500 visits last week!
I want to start out by thanking Mark Verheiden for taking time out of his busy schedule to answer a few questions last week. And, while I’m at it, some very special love to all of Mark’s fans who stopped by. Like Denny’s, jplinde.com is always open and have better coffee. We’ll have other guest writers dropping so you’re not going to want to miss what they have to say.
Happy 4thof July weekend. I hope you are all had a safe and sane holiday. Pleased to announce that the Linde’s got through it with all our fingers and toes intact. In a show of strength to our neighbors, we parked Tanktop all week long in the driveway
Not that summer reading, can’t be dangerous. I’m spending a few weeks diving into Edgar Rice Burroughs’ Mars series (specifically in relation as to why the movie adaptation tanked so phenomenally). I do have one or two ideas and will share my theory on the subject in the next few weeks. I know this is Pulp 101, but if you haven’t read any of the books in the series, do yourself a favor. I hear Barsoom is lovely this time of year.
Historical footage of the legendary Spruce Goose crashing into a McMinnville Oregon cornfield.
Another shout-out to Scott Ranalli for his five-star review of “Son of Ravage” on Amazon. Scott is a true pulp fan and I am truly grateful for his support.
I thoroughly enjoyed this over-the-top romp. The action is non-stop and throughout we are treated to mythical creatures, Bond-like set-pieces, explosions galore, and of course a guy with a tank turret on his head!! The love for the "good old stuff" of the pulps is apparent, as are a love of more modern entertainment like movies and TV --- references are dropped all over the place.
Despite the worst intentions of slacker Barry Levitt, he is drawn further and further into a crazy cluster$#!& of circumstances. Along for the ride are his four misfit friends. The best part of the book is the bond and love of these friends and how that can overcome one's typical need for self-preservation. It's really cool to watch the hook get set (in Barry AND his friends) for what would become "the love of adventure" that Lester Dent often spoke of in his pulp books.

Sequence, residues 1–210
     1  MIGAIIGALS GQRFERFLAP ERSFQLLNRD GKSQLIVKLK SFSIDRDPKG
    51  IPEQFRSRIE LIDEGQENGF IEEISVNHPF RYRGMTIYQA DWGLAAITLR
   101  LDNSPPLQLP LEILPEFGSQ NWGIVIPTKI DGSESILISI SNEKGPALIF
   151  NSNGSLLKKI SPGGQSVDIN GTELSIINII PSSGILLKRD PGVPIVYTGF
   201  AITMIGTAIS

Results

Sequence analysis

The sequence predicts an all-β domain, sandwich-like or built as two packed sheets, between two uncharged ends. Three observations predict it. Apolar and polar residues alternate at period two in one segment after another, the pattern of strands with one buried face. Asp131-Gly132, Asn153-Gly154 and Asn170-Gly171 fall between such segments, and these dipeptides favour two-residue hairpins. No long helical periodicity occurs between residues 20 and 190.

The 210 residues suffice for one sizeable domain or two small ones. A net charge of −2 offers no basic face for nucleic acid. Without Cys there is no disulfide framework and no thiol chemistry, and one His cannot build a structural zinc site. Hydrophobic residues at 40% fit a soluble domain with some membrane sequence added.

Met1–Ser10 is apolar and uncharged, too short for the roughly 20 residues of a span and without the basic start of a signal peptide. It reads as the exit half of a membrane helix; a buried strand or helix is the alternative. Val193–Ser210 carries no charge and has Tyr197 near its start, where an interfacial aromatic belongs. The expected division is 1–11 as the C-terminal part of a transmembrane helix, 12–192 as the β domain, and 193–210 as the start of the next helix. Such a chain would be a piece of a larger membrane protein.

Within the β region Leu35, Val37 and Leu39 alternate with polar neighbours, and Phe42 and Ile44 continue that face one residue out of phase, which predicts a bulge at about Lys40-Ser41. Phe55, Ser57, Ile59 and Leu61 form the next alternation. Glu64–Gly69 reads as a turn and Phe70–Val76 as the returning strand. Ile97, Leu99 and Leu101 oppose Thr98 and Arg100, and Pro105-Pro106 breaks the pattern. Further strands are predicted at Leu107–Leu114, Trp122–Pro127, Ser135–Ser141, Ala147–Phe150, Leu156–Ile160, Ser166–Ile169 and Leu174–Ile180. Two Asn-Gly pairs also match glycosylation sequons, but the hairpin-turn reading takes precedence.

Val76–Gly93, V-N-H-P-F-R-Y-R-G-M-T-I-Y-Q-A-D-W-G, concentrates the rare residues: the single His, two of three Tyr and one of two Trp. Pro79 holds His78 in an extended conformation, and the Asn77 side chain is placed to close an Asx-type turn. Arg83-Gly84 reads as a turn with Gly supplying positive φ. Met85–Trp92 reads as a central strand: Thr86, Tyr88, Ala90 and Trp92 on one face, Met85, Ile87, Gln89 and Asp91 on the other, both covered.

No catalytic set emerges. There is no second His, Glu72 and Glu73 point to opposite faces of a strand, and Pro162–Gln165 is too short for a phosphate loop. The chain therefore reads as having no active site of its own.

I did not care for the "25 Years Later" epilogue. It took me out on a downer note. I wish I hadn't seen into that future. You may consider stopping at the final story chapter before that. But other than that, I really love this book, and had so much fun reading it and look forward to further adventures of Barry and his gang!!
Sorry, about the ending, Scott. I promise I’ll do better next time. Speaking of reviews. Spread the word. If you’ve read it, write it. Goodreads and Amazon are dying to hear what you thought of the 1stbook in the Son of Ravage Series. All reviews are welcome. And don’t forget to tell your friends that “Son of Ravage” is the read of the summer. Dawn from Los Angeles put her two cents in:
Is is a bird? Is it a plane? Is it a guy with a tank-cannon turret on his head? Like a kid in a toy store who can play with anything he wants, author J.P. Linde gleefully takes the tropes and conventions of this ‘epic’ adventure genre and zooms around the room with them. He takes ideas to their absurdly hilarious edge, yet never loses control of his narrative. I thoroughly enjoyed this book.
Thank you, Dawn
Historical footage of a Nazi with a jetpack
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In closing, there are some exciting things coming to the blog in the coming weeks. I just wish I knew what they were! See you next week!
In 1981, J.P. Linde co-wrote and appeared in a one-man comedy show titled “Casually Insane.” Shortly after, he joined the ranks of stand-up comedy and performed in clubs and colleges throughout the United States and Canada. In 1989, he made his national television debut on “Showtime’s Comedy Club Network.” He wrote the libretto for the musical comedy “Wild Space A Go Go” and co-wrote and co-produced the feature motion picture, “Axe to Grind.” “Son of Ravage” is his second novel.